Furthermore, biochemical analysis of samples taken from the specimen have also confirmed it was a shark. The same reasoning applies to all of the other carcasses washed up on shorelines around the world. Corpses are washed up all the time, in various states of decay. Only the most decomposed and distorted ones are considered to be plesiosaurs. It is also interesting to note that no plesiosaur carcasses have ever been washed up on the banks of Loch Ness. A block of five plesiosaur vertebrae were reported from the banks of Loch Ness in 2003, but although nobody has publicly taken responsibility, the specimen was clearly planted as a hoax or publicity stunt, or left there by accident, since the vertebrae were fossilised remains (not recent bones) preserved in a Jurassic rock type found many miles away from Loch Ness.

Historic illustrations
An illustration claimed to be recent aboriginal art depicts a plesiosaur, but it cannot be demonstrated as authentic (Fig 5). The typical medium of aboriginal art is rock but the plesiosaur artwork is not. The artwork also bears striking similarity with existing modern artwork and shares the same anatomical errors. Even if the artwork was genuine, which I don’t think it is, plesiosaur fossil remains are known from Australia, so it would be possible that the illustration is based on fossil evidence.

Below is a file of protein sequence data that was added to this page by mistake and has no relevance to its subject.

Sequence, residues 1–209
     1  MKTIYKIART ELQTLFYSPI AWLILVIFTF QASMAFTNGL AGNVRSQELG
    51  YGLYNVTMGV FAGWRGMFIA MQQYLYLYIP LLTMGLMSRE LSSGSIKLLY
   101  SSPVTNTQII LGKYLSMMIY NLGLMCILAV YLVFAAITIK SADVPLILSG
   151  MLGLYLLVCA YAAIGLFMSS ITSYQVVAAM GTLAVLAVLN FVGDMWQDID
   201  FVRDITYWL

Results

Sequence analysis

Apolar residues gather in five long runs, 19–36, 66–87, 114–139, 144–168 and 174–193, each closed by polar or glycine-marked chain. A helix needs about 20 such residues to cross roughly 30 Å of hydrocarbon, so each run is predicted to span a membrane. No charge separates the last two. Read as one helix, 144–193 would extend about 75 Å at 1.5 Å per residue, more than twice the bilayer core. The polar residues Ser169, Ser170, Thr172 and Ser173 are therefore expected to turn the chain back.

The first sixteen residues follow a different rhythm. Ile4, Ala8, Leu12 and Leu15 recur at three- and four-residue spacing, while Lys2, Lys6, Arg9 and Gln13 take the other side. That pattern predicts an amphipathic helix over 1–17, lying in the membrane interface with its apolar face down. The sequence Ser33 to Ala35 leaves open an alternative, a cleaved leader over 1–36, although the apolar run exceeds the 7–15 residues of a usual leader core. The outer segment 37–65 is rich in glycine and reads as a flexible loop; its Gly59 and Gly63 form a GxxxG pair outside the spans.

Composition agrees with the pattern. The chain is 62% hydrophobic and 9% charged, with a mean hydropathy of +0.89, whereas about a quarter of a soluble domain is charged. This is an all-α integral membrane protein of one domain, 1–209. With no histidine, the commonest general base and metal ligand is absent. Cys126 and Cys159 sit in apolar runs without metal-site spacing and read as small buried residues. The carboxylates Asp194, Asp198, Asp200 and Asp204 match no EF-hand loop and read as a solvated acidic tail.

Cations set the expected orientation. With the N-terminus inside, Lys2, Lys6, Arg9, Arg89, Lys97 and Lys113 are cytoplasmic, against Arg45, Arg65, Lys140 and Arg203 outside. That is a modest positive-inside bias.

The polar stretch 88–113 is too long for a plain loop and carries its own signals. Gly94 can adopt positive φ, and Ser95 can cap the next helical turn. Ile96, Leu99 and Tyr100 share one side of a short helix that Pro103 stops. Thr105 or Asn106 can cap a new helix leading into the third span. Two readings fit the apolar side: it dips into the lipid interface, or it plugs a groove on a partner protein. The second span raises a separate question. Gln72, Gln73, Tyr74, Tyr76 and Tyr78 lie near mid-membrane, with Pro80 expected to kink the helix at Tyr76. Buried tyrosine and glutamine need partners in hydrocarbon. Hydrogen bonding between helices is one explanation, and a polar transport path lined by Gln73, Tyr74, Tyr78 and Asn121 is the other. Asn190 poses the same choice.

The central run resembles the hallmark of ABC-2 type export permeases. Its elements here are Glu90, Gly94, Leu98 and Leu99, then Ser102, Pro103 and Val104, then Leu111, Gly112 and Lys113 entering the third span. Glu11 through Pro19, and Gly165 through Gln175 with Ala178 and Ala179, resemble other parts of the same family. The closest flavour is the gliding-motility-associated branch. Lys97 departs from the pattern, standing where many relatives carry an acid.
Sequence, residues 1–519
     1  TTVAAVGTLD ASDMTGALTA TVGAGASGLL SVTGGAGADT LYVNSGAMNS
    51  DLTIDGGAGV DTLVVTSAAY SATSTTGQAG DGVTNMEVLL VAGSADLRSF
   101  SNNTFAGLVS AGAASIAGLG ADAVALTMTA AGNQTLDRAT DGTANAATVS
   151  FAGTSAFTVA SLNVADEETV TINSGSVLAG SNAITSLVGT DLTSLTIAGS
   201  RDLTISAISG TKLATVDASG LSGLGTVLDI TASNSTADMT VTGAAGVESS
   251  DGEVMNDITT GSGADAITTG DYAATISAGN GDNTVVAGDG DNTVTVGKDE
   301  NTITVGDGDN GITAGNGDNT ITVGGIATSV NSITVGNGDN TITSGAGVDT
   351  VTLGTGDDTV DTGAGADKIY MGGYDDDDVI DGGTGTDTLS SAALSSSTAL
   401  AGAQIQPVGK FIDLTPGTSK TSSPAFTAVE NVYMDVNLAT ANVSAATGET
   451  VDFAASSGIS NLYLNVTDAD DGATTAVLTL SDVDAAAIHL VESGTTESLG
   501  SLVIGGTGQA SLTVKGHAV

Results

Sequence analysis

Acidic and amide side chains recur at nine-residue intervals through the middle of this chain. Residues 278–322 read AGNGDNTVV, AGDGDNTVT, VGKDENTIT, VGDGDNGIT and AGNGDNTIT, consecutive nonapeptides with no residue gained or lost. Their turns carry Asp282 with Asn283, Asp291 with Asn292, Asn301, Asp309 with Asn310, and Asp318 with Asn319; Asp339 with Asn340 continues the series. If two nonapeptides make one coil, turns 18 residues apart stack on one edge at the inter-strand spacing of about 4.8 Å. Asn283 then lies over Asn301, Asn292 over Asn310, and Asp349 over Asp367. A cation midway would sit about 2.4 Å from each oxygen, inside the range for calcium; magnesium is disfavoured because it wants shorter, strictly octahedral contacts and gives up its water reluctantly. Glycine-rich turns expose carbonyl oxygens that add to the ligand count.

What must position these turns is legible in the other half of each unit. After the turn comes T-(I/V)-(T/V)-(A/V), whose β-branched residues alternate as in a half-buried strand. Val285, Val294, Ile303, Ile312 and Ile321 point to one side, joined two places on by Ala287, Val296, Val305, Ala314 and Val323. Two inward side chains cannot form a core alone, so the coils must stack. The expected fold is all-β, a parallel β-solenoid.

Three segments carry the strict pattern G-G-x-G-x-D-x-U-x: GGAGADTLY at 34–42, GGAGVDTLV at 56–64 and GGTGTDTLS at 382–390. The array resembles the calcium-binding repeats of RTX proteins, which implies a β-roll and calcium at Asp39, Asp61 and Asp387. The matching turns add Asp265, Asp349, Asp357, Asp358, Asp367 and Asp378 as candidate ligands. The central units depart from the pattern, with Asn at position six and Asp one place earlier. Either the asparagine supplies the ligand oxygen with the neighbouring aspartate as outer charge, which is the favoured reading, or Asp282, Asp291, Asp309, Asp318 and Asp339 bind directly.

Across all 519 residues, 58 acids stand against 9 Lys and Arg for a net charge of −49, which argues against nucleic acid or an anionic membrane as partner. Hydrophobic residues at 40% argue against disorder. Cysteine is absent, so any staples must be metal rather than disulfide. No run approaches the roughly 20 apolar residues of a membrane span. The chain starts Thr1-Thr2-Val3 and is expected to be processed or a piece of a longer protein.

Fig. 5. Purported aboriginal art – not authenticated.

There is no scientific evidence supporting the existence of plesiosaurs living today. There is a lack of compelling photographic or video evidence, demonstrable plesiosaur corpses or living specimens. Unfortunately, living plesiosaurs almost certainly do not exist today.

Epilogue – so why do people still believe in living plesiosaurs?
This is an important question because while we have reviewed the evidence here, not all belief is based on evidence. There are three possible reasons for this. The first and most widespread reason is that many people may want to believe in living plesiosaurs because it is exciting (it really is!) and they the the evidence uncritically, at face value.

The second reason applies to those who have dedicated much of their time investigating ‘living plesiosaurs’ and may have developed faith in the idea. In a personal article by Bauer, he describes his involvement searching for Nessie and reveals a touching emotional tie with his subject matter. He claimed that photographic proof was “no longer important to me…No such proof could add to the gifts that had already come to me through the mediation of Nessie”. While proof may not be important to Bauer, it is important to me.